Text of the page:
By Anne W. Semmes
Traveling to London last week on freelance business, there was some concern over the recent spate of terrorism. But step into a black taxi and the driver puts you at ease with his friendly, well-mannered presence. And these drivers know their city. “We apprentice three years before we get our license and we have to know all the streets and cultural sights.” Hear this, you American cab drivers!
The tragic Grenfell Tower fire in North Kensington was on everybody’s mind, and by the time I arrived in the South Kensington area—where I was lucky to be staying with friends—I’d learned the controversy over expensive apartment dwellers now having to share some of their new high-rise space with those “working-class” Tower refugees.
Otherwise, the city was a happy, humming place. Those hanging flower baskets that we adopted are everywhere in London. Transport hums as well. A train trip to Buckinghamshire showed me once again the marvel of the frequent, fast trains. “You Americans are automobile people,” I was reminded, as I wondered aloud to a passenger.
The only times that heightened security showed itself was in accessing the great British Museum. There, you are corralled through lines ending in a separate tent where all museum-goers had their bags and parcels checked. Whether or not such measures would have prevented that drunken vandal in 1845 from smashing the famed Portland Vase, dating from circa 20-30 B.C., it is worth the wait to enter this vast repository of treasure.
It was the Parthenon marble metope treasures I was headed for, thanks to Lord Elgin, who “rescued” them in the early 1800’s from the Ottoman Turks who were using the site as a fortress. My sentiments had lately shifted toward the Greeks’ insistence that they be returned to Athens and its new Acropolis Museum. But surely being based in London, these magnificent sculptures are more readily seen by the world?
Other art I was able to take in was prompted by our own Bruce Museum director Peter Sutton, who’d brought the wonders before us in John Singer Sargent’s less known watercolors earlier this year. On view in the Dulwich Picture Gallery in South London were some 80 Sargent watercolors.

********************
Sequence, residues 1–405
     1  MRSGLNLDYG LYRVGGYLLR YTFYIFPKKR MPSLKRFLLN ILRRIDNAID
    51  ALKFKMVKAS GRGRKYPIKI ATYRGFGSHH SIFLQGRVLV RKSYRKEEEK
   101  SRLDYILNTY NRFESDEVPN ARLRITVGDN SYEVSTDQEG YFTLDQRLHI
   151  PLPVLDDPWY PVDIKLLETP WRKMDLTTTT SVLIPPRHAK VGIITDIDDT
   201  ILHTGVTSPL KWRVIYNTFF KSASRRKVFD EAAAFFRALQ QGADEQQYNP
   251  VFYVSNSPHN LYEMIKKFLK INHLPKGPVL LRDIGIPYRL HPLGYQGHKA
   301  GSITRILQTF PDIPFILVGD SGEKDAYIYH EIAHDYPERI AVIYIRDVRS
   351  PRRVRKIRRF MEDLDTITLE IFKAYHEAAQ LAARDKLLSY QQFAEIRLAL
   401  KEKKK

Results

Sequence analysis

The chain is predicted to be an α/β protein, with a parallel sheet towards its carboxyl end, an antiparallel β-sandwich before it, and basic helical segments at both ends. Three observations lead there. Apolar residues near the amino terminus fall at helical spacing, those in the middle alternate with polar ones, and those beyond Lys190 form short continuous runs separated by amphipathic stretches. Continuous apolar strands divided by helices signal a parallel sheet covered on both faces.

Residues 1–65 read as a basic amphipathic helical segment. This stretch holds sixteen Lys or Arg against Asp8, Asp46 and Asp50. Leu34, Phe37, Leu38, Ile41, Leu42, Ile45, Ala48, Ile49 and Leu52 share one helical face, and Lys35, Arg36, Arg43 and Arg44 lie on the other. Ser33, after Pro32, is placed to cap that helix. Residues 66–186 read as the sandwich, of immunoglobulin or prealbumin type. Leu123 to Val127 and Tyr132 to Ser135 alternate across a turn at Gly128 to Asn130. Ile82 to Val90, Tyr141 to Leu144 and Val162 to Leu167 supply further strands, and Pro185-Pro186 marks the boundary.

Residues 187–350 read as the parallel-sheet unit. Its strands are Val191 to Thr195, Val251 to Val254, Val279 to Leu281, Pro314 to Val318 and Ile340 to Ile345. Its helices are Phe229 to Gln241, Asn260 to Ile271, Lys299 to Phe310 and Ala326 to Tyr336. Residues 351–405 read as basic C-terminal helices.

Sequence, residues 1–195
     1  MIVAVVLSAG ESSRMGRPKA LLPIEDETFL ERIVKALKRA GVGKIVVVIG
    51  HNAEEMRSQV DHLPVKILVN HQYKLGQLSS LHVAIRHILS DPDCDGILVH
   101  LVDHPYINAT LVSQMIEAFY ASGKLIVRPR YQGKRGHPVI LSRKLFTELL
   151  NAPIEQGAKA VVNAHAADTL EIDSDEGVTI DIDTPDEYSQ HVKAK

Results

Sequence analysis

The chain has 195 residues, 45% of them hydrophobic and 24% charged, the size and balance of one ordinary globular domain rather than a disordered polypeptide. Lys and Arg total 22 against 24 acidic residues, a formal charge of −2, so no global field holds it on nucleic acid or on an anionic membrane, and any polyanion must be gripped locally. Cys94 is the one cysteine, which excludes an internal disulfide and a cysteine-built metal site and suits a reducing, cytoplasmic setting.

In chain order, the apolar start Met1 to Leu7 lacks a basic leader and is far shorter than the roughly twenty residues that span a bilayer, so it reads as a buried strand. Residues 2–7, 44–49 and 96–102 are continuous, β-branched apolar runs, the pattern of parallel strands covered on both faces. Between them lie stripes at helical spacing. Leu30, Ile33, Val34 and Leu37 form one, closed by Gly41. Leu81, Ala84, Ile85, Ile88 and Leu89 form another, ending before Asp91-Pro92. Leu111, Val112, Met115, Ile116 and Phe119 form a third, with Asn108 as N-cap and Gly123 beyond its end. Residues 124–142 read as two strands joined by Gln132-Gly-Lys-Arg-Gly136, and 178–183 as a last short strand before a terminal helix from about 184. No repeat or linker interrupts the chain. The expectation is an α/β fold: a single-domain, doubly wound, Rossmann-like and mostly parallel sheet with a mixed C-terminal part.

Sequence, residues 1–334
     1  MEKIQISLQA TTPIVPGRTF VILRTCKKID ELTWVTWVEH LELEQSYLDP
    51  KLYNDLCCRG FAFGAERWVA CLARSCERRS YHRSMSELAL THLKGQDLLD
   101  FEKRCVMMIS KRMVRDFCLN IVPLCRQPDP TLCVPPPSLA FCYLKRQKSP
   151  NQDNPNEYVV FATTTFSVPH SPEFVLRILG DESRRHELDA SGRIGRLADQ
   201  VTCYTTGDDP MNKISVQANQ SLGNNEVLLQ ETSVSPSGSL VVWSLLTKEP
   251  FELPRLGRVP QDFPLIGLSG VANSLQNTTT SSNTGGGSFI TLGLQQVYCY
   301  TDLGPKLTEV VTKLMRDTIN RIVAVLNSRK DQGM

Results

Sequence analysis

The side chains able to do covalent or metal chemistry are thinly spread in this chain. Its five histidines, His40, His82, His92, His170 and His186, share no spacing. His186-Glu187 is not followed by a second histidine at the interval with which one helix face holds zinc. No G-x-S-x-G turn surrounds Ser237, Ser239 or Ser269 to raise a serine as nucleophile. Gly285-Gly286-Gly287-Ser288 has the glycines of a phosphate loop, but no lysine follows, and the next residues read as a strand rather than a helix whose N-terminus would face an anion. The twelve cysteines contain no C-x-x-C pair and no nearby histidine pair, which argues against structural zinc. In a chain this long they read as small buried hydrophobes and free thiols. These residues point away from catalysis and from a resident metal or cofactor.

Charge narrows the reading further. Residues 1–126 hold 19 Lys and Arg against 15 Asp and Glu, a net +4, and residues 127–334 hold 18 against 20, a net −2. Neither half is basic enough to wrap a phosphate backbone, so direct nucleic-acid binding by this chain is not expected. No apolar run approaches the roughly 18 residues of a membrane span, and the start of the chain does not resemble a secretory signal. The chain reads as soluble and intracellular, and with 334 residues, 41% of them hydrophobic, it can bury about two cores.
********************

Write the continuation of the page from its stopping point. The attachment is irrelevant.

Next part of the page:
Along with the luminous Venetian water scenes with gondolas, there were those World War I studies you can usually see in the Imperial War Museum (which I nearly got to). One of them shows two British soldiers, one a Highlander in his kilt, picking fruit off a tree and eating it. The title is, “Thou Shalt Not Steal.” “Stealing from the native population was frowned on by the military authorities,” says the show’s catalog.
It is the English protocol—civility—the manners one sees everywhere traveling in London and environs. Whether in a restaurant, or taxi, or tube, or train, there is a graciousness, a kind hand always ready to help you with your bag. Somehow, the Bristish do not operate at our accelerated pace.
But with young children there’s still that heavy schedule. I’ve seen it now in San Francisco, in Greenwich, and now in London. My hosts had an 11-year-old and a 7-year-old, and there was swimming, and viola, and a string of activities such as taking the 11-year-old to the Thames for a birthday party boat ride (with built-in detective hunt).
I saw the kindness when these two children fought over who would make me the milk-frothed coffee I loved. The 7-year-old boy was particularly proud of this activity, working the splendid coffeemaking machine. It was he who brought to me my first taste of their summer drink, the elderberry cordial, a favorite of the English apparently from Victorian times.
Surely the elderberry is grown in the Metropolitan Green Belt around London, created to keep in check the urban sprawl. That is where my destination was in Buckinghamshire—a village called Jordans, where William Penn is buried, and where supposedly a barn is made from timbers of the Mayflower. Alas, my work there on a writing project kept me from visiting these sites. On my return trip to the train station, my hostess showed me proof of the green belt’s worth, as both a red fox and a badger leapt away as we approached.
There was lovely parkland near my London host family—Holland Park. And there I was taken to see the amazing summer performance of the Royal Ballet School. Dancing before us were surely the great ballet stars of the future, some as young as age eight dancing away to great music. At the end, with the applause dying away, two young dancers came from off stage to speak of the nearby Grenfell Tower disaster, and in particular of the loss of one promising artist, age 19, who had striven in her embrace of the arts just as they do. Donations were requested for those impacted by the disaster.
There were other highlights: a high tea with the daughter of a Greenwich friend hard at work on a historical novel, who was off to Cornwall to give the novel its finishing touches. And there was that riveting afternoon meeting archaeologist Anne McCabe, a Harvard classmate of my hostess. Anne shared both her focus on Byzantine history— she’s authored “A Byzantine Encyclopedia of Horse Medicine”—and is most savvy about how the ancients treated their horses!
And she also spends time on digs of neighborhoods around the Athenian Agora with the American School of Classical Studies based in Athens. She needs to come speak in Greenwich!
A last word is saved for nature. In England, there are no screens. An open window only brings the bird song. Blackbird song. It came to me at 4 a.m. each morning, only for a half hour. It is pure beauty—but only the very early bird hears. The bird only showed itself once to me, my last morning, when lo and behold a double rainbow bloomed over the still city. It was an invitation, I felt, that I must return.